41. 41. WCDMA Convolutional Encoder Output Symbols (a1,a2) (b1,b2) … ... Input data a,b,... A (2,1,8) Convolutional Encoder Implemented by LFSR
  42. 42. WCDMA Block Interleaving 1 9 17 25 2 10 18 26 3 11 19 27 4 12 20 28 5 13 21 29 6 14 22 30 7 15 23 31 8 16 24 32 1 ... 17 ... 9 ... 25 ... 5 ... 21 ... 13 ... 29 ...
  43. 43. WCDMA Orthoganal Modulation <ul><li>Walsh Code Generation </li></ul>
  44. 44. CDMA Orthoganal Modulation <ul><li>Modulation </li></ul><ul><ul><li>Take 6 bit from the input stream (C 0 , C 1 , C 2 , C 3 , C 4 , C 5 ) </li></ul></ul><ul><ul><li>Compute MSI (Modulation Symbol Index) </li></ul></ul><ul><ul><li>MSI= C 0 +2 C 1 +4 C 2 +8C 3 +16C 4 +32 C 5 </li></ul></ul><ul><ul><li>Each of the six symbol group is mapped to the row(MSI) of H 128 </li></ul></ul>
  45. 45. WCDMA Direct Sequence Spreading Long Code Seed XOR Long Code 4.096 Mcps <ul><li>Long Code Generation by LFSR </li></ul>1 x x 2 x 32
  46. 46. WCDMA Direct Sequence Spreading 0 0 0 0 1 1 1 1 0 0 0 0 1 1 1 1 1 0 1 0 1 1 1 0 0 1 1 1 1 0 0 1 1 0 1 1 0 0 0 0 0 1 1 1 1 0 0 1 t t t d w (t) C(t) D s (t)
  47. 47. Power Control In WCDMA N: Spread Factor  p : Carrier-to-Interference-Ratio for subscriber P <ul><li>Bit Error Rate and Power </li></ul>
  48. 48. <ul><li>Perfect Power Control </li></ul>Power Control In WCDMA
  49. 49. Power Control In WCDMA <ul><li>Near-Far Problem in CDMA </li></ul><ul><ul><li>Different Performance for Subcriber Links </li></ul></ul><ul><ul><li>A Few Subscribers closest to the BTS may contribute too much multiple Access Interference. </li></ul></ul>
  50. 50. Power Control In WCDMA <ul><li>How to do power control </li></ul><ul><ul><li>Force all users to transmit the minimum amount of power </li></ul></ul><ul><ul><li>Reduce the power transmitted by users closest to the BTS; increase the power transmitted by users farest to the BTS </li></ul></ul>
  51. 51. Power Control In WCDMA <ul><li>Open Loop vs. Close Loop </li></ul><ul><ul><li>Open Loop Power Control </li></ul></ul><ul><ul><li>Subscriber measures the DL power and adjusts its transmission power </li></ul></ul><ul><ul><li>Close Loop Power Control </li></ul></ul><ul><ul><li>BS measures the UL power. MS measures the DL power and reports to the BS. BS instructs the user to raise or lower it transmission power </li></ul></ul>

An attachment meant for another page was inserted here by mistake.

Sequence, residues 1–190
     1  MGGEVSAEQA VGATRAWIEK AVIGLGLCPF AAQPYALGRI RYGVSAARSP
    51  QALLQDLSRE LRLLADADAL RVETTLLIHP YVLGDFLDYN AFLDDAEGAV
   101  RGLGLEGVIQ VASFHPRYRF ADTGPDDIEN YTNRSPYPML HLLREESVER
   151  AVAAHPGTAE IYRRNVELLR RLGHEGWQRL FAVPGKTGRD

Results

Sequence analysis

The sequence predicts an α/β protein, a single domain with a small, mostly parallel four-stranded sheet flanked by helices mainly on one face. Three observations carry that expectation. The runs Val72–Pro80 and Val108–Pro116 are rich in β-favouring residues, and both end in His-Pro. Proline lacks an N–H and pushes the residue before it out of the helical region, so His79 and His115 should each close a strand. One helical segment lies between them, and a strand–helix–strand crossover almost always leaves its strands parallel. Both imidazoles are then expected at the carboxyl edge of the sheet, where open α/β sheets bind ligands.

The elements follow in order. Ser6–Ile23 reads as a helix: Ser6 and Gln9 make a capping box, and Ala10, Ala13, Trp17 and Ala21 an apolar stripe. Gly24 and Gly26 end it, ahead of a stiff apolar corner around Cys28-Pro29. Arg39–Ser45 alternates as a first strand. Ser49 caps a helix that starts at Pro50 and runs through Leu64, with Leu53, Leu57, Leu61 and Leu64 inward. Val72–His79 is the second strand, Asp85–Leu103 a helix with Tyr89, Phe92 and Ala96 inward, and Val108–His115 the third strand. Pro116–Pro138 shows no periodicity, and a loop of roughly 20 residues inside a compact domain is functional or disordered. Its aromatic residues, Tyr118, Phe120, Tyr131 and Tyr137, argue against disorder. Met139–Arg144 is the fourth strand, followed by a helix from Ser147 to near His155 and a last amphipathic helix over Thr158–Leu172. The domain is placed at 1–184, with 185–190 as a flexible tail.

52. 52. WCDMA Soft Handoff Active set = BS1 BS1 BS2 Active set = BS1 & BS2 BS2 SS > add threshold BS1 BS2 Active set = BS2 BS1 SS < drop threshold BS1 BS2
  53. 53. Active Research Topics <ul><li>Cellular system architecture </li></ul><ul><li>UMTS air interface </li></ul><ul><li>Power control in CDMA </li></ul><ul><li>Handoff </li></ul><ul><li>Satellite-UMTS traffic </li></ul>
  54. 54. Reference <ul><li>http://www.europe.alcatel.fr/telecom/rcd/keytech/ </li></ul><ul><li>http://www.comms.eee.strath.ac.uk/~gozalvez/gsm/ </li></ul><ul><li>http://www.gsmworld.com/ </li></ul><ul><li>http://www.ibctelecoms.com/ </li></ul><ul><li>http://www.span.net.au/ </li></ul><ul><li>http://www.cdg.org/tech/a_ross/ </li></ul><ul><li>http://www.nokia.com/networks/mobile/ </li></ul><ul><li>http://www.gsmdata.com/ </li></ul><ul><li>http://www.sds.lcs.mit.edu/~turletti/gmsk/ </li></ul><ul><li>http://www.wirelessweek.com/issues/3G/ </li></ul>
  55. 55. Reference <ul><li>http://www.umts-forum.org/reports.html </li></ul><ul><li>http://www.itu.int/imt/ </li></ul><ul><li>http://www.etsi.org/ </li></ul><ul><li>S. Dutnall, N. Lobley, A. Clapton, UMTS: The mobile part of broadband communications for the next century IEEE Atm Workshop, Proceedings. p242-252,1998 </li></ul><ul><li>S. Breyer, G. Dega, V. Kumar, L. Szabo, Global view of the UMTS concept Alcatel Telecommunications Review. n 3 1999. p 219-227 </li></ul><ul><li>M. Lee, CDMA Network Security , Prentice-Hall, 1998 </li></ul><ul><li>U. Black, Mobile & Wireless Networks , Prentice-Hall, 1999 </li></ul><ul><li>M. Gallagher, W. Webb, UMTS: The next generation of mobile radio, IEE Review. v 45 n 2 1999. p 59-63 </li></ul>
  56. 56. Reference <ul><li>A. Samukic, UMTS Universal Mobile Telecommunications System:Development of standards for the third generation, IEEE Global Telecommunications Conference & Exhibition. v 4 1998. p 1976-1983 </li></ul><ul><li>N. Prasad, GSM evolution towards third generation UMTS/IMT2000, IEEE International Conference on Personal Wireless Communications 1999, p 50-54 </li></ul><ul><li>A. Samukic, UMTS universal mobile telecommunications system: Development of standards for the third generation, IEEE Transactions on Vehicular Technology. v 47 n 4 Nov 1998. p 1099-1104 </li></ul>